In the Isaaq clan-family, component clans are divided into two uterine divisions, as shown in the genealogy. The first division is between those lineages descended from sons of Sheikh Isaaq by an Ethiopian woman – the Habar Habuusheed – and those descended from sons of Sheikh Isaaq by a woman of the Magaadle clan – the Habar Magaadle. Indeed, most of the largest clans of the clan-family are in fact uterine alliances.[7] This is illustrated in the following structure.

Sheikh Is-haaq Bin Ahmed[7]

1. Habar Habuusheed

  • Ahmed (Tol-Ja’lo)
  • Muuse
  • Ibrahiim (Sanbuur)
  • Mahammad (‘Ibraan)

2. Habar Magaadle

  • Ayub
  • Awal
  • Arab
  • Ismail

There is no clear agreement on the clan and sub-clan structures and many lineages are omitted. The following listing is taken from the World Bank's Conflict in Somalia: Drivers and Dynamics from 2005 and the United Kingdom's Home Office publication, Somalia Assessment 2001.[12][13]

  • Isaaq
    • Haber Awal
      • Sa'ad Muse
      • Issa Muse
      • Ayub
    • Habr Garhadjis
      • Habr Yunis
      • Aidagalla
      • Arab
    • Habr Jaalo (var. Habr Toljallo; Haber Geelo)
      • Mohamed Abokor
      • Ibrahim
      • Muse Abokor
      • Samane Abokor
      • Ahmad (Toljaalo)

One tradition maintains that Isaaq had twin sons: Ahmed or Arap, and Ismail or Gerhajis.[14]

Historical publications

Historical publications on Sheikh Isaaq include:[15]

  • Al-Dur Al Muntakhab Fi Alaqab Wal-asab - 12th-century manuscript by unknown author
  • Al Casjad Al-Manduum Li-Taariikh Wal-culuum - 12th-century manuscript by Maxamed Hasan Al-Basri (50 pages, Al-Zahiriyah Library, Al-Hamidiyah Souq, Damascus Syria)
  • Al-3asjad Al Manduum - by Sharif Ahmed Muhammad Qaasim Al Gheribaani, a Hashimi historian of Yemen (1910)
  • Thamrat Al-Mushtaaq Fi Manaaqib/Nasab al-Sheekh/Sayid Is'haaq - by Sharif Aydarus Sharif Ali Al-Aydarus 1947 (d 1347 H.A.); also the author of Bughyat Al-Amaal Fi-Taariikh Al Soomaal
  • Adhwaa 3alaa Taariikh Al-Soomaal - by Shariif Maxamed 3aydarus (1932-1999), the ex-mayor of Mogadishu during the 1968 election in Somalia
  • Kitaab Fatx Al-Baab Fi Al-Ansaab Wal-Alaqaab - by 3abdialma3alim Ibn Yuusuf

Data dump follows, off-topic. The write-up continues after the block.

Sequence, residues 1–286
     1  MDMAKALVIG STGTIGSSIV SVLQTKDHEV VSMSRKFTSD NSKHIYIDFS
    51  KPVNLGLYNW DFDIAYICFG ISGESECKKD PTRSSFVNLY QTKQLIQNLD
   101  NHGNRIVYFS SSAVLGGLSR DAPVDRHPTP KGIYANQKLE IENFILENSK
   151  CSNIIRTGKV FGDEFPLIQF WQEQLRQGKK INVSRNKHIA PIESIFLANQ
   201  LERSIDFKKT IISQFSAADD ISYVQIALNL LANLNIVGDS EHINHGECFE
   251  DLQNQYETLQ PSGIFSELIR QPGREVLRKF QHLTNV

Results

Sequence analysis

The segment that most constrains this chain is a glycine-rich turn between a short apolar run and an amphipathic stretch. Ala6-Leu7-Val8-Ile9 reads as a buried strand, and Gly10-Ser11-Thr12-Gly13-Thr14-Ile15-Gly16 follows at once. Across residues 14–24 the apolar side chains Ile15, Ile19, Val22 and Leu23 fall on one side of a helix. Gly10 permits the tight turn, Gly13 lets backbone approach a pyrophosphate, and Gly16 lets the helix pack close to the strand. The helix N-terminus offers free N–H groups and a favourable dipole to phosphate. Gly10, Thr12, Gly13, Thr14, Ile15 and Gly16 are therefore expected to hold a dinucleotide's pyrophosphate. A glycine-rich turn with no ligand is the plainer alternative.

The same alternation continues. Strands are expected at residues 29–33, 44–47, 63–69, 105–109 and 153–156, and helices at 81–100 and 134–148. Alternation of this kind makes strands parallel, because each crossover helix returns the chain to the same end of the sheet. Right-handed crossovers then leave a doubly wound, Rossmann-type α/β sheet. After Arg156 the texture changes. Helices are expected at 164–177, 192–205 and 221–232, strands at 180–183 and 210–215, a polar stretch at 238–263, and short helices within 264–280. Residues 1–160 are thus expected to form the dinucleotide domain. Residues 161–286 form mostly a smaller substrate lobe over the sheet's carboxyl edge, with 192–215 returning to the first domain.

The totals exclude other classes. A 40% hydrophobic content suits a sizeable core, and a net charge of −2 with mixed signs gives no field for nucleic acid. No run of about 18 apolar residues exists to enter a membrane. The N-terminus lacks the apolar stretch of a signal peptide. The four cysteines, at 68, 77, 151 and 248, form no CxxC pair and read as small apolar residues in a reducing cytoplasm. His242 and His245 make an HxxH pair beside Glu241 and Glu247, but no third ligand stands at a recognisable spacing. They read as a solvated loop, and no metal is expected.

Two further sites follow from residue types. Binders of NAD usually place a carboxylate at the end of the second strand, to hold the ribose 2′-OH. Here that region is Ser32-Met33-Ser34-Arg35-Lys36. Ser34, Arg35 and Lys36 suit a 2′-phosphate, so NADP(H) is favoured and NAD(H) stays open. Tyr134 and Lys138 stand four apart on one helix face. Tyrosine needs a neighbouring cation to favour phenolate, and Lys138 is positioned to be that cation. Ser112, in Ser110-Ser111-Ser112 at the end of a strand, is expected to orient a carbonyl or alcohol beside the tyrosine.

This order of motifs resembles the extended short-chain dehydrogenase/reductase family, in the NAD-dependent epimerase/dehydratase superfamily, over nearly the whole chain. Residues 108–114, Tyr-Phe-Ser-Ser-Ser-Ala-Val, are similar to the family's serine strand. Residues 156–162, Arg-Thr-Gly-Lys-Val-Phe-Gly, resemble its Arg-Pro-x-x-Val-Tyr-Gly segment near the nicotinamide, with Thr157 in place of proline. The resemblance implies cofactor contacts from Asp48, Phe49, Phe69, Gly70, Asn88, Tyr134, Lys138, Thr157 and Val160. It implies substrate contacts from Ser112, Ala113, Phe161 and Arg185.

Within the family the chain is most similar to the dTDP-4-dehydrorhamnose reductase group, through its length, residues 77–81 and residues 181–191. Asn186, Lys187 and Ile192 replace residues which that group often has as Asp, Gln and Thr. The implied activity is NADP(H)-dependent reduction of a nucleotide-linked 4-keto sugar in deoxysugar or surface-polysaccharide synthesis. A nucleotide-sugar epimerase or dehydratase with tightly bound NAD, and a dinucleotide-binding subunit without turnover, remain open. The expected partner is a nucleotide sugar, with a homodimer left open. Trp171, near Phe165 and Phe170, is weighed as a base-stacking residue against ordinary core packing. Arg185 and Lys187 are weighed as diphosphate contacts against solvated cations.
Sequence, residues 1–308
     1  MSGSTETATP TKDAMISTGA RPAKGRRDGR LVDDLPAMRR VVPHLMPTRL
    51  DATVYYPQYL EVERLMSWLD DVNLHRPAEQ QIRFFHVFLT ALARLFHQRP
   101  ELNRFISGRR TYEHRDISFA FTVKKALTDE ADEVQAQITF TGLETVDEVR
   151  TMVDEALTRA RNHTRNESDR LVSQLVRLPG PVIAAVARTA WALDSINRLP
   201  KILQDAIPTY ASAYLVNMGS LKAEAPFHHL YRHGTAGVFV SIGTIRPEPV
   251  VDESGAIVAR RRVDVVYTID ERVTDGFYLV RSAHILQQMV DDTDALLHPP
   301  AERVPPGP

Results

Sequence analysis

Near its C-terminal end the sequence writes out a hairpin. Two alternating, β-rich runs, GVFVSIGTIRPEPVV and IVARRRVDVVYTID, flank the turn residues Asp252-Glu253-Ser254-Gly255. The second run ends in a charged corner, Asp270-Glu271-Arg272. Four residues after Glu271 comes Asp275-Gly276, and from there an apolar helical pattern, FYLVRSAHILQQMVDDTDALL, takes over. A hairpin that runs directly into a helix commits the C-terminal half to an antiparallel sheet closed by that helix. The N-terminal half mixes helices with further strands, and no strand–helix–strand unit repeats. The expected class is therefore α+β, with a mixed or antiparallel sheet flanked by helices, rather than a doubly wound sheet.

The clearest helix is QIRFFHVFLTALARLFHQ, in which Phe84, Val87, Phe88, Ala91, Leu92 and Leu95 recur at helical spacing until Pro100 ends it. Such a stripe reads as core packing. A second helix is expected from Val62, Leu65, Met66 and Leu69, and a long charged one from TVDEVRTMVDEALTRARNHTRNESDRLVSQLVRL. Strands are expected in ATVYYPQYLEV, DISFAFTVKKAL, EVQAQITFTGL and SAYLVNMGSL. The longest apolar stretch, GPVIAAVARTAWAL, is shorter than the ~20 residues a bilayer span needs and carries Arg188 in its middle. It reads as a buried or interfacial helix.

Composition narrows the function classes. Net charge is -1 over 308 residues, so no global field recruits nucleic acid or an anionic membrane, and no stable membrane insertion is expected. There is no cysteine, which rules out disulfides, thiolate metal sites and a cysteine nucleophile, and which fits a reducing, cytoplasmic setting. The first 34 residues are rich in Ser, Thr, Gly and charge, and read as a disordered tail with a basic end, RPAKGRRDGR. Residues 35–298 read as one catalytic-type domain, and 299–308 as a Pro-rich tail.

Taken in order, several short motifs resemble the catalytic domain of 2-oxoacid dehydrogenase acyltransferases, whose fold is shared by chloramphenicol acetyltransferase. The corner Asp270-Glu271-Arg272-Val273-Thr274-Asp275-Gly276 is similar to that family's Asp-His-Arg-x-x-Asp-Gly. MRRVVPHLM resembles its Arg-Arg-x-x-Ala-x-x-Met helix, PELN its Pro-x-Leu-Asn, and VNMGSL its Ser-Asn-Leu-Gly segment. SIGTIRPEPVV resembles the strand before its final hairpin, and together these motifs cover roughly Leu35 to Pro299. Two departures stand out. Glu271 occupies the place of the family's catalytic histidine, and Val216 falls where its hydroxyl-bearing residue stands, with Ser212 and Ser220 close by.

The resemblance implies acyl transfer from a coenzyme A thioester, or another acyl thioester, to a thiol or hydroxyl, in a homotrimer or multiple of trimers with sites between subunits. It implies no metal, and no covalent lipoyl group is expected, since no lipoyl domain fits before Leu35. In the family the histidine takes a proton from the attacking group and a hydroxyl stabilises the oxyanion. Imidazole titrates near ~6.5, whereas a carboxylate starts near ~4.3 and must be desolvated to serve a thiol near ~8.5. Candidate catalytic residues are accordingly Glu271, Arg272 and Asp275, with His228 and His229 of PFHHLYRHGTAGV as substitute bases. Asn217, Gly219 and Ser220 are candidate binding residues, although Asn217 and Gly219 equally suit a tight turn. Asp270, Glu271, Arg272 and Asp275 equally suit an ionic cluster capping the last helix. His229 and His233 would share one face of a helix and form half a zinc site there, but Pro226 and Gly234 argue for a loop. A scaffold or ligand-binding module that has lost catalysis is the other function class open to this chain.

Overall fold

Notable Isaaq people


  1. ^ Immigration and Refugee Board of Canada, Somalia: Information on the ethnic composition in Gabiley (Gebiley) in 1987–1988, 1 April 1996, SOM23518.E [accessed 6 October 2009]
  2. ^ a b Rima Berns McGown, Muslims in the diaspora, (University of Toronto Press: 1999), pp. 27–28
  3. ^ I.M. Lewis, A Modern History of the Somali, fourth edition (Oxford: James Currey, 2002), p. 22
  4. ^ Lewis, I.M. A Pastoral Democracy: A Study of Pastoralism and Politics Among the Northern Somali of the Horn of Africa. Transaction Publishers. p. 142.  
  5. ^ Lewis, I.M. (2008). Understanding Somali and Somaliland Society : Culture History and Society. Hurst. p. 4.  
  6. ^ a b Roland Anthony Oliver, J. D. Fage, Journal of African history, Volume 3 (Cambridge University Press.: 1962), p.45
  7. ^ a b c d I. M. Lewis, A pastoral democracy: a study of pastoralism and politics among the Northern Somali of the Horn of Africa, (LIT Verlag Münster: 1999), p.131.
  8. ^ a b Lewis, Ioan. M. (1994). Blood and Bone: The Call of Kinship in Somali Society. Larwenceville, NJ: The Red Sea Press Inc. pp. 104–105.  
  9. ^ I.M. Lewis, Peoples of the Horn of Africa: Somali, Afar, and Saho, Issue 1, (International African Institute: 1955), pp. 18-19
  10. ^ I.M. Lewis, A Modern History of the Somali, fourth edition (Oxford: James Currey, 2002), p. 22
  11. ^ D. J. Latham Brown (1956). "The Ethiopia-Somaliland Frontier Dispute". International and Comparative Law Quarterly 5 (2): 245–264.  
  12. ^ Worldbank, Conflict in Somalia: Drivers and Dynamics, January 2005, Appendix 2, Lineage Charts, p. 55 Figure A-1
  13. ^ Country Information and Policy Unit, Home Office, Great Britain, Somalia Assessment 2001, Annex B: Somali Clan Structure, p. 43
  14. ^  
  15. ^ Islam in Somali History Fact and Fiction revisited , the Arab Factor
  16. ^ Mohamed Yusuf Hassan, Roberto Balducci (ed.) (1993). Somalia: le radici del futuro. Il passaggio. p. 33. Retrieved 22 September 2014.